Thursday, May 23, 2013

The Cause of the Present War - May 21, 1814


               The Congress, who declared the present war, and the people who supported them in the declaration, it appears were totally mistaken, in the causes they ascribed for it.  It was not the commercial appression of England, her illegal blockades, her impressments of our seamen &c. which caused the resort to arms; - it was not, (strange, as it may seem,) on the other hand, the dictation of Bonaparte, who had go the cord so cleverly about our necks, and whose defeat gave such pleasant slumber to Mr. Harper[1], which produced it.  No, no.  Here follows the detection of the true "desideratum,"  and the sympathy which it causes, is really appropriate and natural.  The article is from a violent Massachusetts tory print.

               The next news from that quarter, will probably furnish the great desideratum for which this war was waged, that is - the possession and governmet of the immense and fertile tracts of land, of which these unfortunate denizens of the woods were the rightful owners; not by conquest or plunder, but by natural inheritance.

            How perfectly and natural and obvious all this is, but no one but this wise gentleman happened before to think of it.  Our rulers, it appears, declared war against Great Britain, simply for the purpose of cheating the Indians out of their land!  What a craving for land our government seem to have!  First they bought the Louisianian woods, and now they have fought for the Canadian wilds.

            But for the poor Indians. - Alas how melting are the plaints of their weeping condoler!  Is the massacre at Fort Mims forgotten?[2] Is the massacre at Fort Mims forgotten?  Did the ornament, which accompanied the mace [sic] at York, the capital of Upper Canada indicate n[] state of humanity, which could call for such tender sympathy?[3]- It is all of a piece, however.  If fear of superior force did not deter our internal foes from displaying their real temper, it would be a matter of indifference, whether an American, faithful to the republican administration fell into the hands of an English Hampton ruffian, a Creek Indian, or an Essex tory.[4]

[1] Heidler and heidler. 2004. Encyclopedia of the war of 1812. Annapolis, Md.  Naval Institute Press.

John Adams Harper (November 2, 1779 – June 18, 1816) was elected as a Democratic-Republican from New Hampshire to the Twelfth Congress (March 4, 1811 – March 3, 1813). He was a key member of the War Hawk faction that strongly supported the War of 1812.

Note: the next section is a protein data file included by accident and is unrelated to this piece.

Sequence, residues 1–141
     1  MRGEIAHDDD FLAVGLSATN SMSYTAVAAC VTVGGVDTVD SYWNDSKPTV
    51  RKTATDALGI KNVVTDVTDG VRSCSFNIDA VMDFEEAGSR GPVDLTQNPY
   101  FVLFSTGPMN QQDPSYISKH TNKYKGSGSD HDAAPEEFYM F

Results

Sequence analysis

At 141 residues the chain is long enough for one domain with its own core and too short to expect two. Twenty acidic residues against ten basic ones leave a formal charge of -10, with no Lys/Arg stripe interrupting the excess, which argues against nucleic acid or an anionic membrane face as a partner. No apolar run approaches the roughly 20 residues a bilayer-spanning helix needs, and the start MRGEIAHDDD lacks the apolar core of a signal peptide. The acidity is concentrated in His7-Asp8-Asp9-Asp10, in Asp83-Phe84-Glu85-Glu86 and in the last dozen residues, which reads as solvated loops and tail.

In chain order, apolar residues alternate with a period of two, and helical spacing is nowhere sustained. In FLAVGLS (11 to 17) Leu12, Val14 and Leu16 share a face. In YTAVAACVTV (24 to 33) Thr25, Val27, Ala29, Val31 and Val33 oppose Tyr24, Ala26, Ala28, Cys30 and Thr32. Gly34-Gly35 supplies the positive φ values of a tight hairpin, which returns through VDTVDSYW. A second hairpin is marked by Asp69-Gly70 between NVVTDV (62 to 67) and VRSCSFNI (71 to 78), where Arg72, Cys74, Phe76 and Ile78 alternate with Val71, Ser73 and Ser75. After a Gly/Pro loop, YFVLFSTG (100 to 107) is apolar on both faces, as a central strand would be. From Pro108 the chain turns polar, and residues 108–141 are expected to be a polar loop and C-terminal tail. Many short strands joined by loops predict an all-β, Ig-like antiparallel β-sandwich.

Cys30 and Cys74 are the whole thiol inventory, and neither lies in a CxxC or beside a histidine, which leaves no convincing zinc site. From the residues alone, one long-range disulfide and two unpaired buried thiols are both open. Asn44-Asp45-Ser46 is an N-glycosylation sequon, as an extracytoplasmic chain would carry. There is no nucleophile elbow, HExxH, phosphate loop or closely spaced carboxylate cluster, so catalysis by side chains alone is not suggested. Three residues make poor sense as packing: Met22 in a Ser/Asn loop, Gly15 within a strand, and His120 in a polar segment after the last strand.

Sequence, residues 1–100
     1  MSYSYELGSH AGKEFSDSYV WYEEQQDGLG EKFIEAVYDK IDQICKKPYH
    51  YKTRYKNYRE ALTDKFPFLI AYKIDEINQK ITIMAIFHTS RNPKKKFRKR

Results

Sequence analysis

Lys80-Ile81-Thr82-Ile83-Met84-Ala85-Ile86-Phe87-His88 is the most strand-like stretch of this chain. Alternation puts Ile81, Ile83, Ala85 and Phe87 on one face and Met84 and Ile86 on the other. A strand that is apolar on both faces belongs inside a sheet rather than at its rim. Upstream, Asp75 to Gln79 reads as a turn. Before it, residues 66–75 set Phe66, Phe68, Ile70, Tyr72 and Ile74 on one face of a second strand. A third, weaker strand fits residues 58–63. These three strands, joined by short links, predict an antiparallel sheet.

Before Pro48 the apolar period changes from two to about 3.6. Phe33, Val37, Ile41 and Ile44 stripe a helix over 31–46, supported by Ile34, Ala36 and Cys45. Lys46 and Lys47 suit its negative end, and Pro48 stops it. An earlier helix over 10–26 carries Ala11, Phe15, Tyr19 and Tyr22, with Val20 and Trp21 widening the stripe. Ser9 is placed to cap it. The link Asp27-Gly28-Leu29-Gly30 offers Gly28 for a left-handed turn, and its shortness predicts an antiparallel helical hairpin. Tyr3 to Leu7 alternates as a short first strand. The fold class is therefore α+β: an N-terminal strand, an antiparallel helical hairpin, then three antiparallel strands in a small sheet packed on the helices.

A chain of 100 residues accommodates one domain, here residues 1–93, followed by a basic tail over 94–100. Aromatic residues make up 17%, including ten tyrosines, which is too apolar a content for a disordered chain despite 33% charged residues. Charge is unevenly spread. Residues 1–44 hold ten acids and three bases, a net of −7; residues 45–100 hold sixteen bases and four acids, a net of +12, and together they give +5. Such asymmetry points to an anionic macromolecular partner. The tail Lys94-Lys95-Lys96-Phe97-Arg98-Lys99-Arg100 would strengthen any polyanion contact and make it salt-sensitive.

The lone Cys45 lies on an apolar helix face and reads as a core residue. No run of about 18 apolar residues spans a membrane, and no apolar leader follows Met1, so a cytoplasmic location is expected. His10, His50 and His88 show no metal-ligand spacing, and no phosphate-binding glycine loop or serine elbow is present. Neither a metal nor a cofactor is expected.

[2] "The Fort Mims massacre was a battle that occurred on 30 August 1813 during the Creek War, when a force of Creek people, belonging to the "Red Sticks" faction under the command of head warriors Peter McQueen and William Weatherford, or Lamochattee (Red Eagle), stormed the fort and defeated the militia garrison. After the defeat of the garrison there ensued a massacre and almost all of the remaining Lower Creek, white settlers, and militia at Fort Mims were killed. The fort was a stockade with a blockhouse surrounding the house and outbuildings of the settler Samuel Mims, located about 35 miles north of present-day Mobile, Alabama." from Wikipedia.

[3]  "The Battle of York was a battle of the War of 1812 fought on April 27, 1813, at York, Upper Canada (present day Toronto) on the north-west shore of Lake Ontario. An American force supported by a naval flotilla landed on the lake shore to the west, defeated the defending British force and captured the fort, town and dockyard. The Americans themselves suffered heavy casualties, including Brigadier General Zebulon Pike who was leading the troops, when the retreating British blew up the fort's magazine. The American forces subsequently carried out several acts of arson and looting in the town before withdrawing." from Wikipedia.

[4] Baltimore Patriot & Evening Advertiser.; Date: 05-21-1814; Volume: 3; Issue: 120; Page: [2]; Location: Baltimore, Maryland.
Transcribed by John Peter Thompson, May 22, 2013.

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